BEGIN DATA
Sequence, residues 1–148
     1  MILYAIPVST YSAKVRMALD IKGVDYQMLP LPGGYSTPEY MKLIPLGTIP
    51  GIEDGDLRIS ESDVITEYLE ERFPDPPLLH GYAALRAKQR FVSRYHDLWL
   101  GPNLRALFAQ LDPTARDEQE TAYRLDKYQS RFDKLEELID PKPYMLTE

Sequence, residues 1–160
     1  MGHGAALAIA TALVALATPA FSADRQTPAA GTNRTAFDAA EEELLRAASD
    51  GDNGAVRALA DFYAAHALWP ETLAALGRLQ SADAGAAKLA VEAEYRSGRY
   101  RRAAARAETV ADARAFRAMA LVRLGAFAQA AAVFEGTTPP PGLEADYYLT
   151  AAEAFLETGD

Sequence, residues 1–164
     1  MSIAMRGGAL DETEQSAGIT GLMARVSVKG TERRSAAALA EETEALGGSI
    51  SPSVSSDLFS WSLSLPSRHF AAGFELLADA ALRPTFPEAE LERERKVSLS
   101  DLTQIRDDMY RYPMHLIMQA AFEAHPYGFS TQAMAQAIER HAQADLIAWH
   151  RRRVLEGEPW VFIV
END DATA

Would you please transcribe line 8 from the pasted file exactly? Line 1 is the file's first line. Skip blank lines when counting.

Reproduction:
   101  RRAAARAETV ADARAFRAMA LVRLGAFAQA AAVFEGTTPP PGLEADYYLT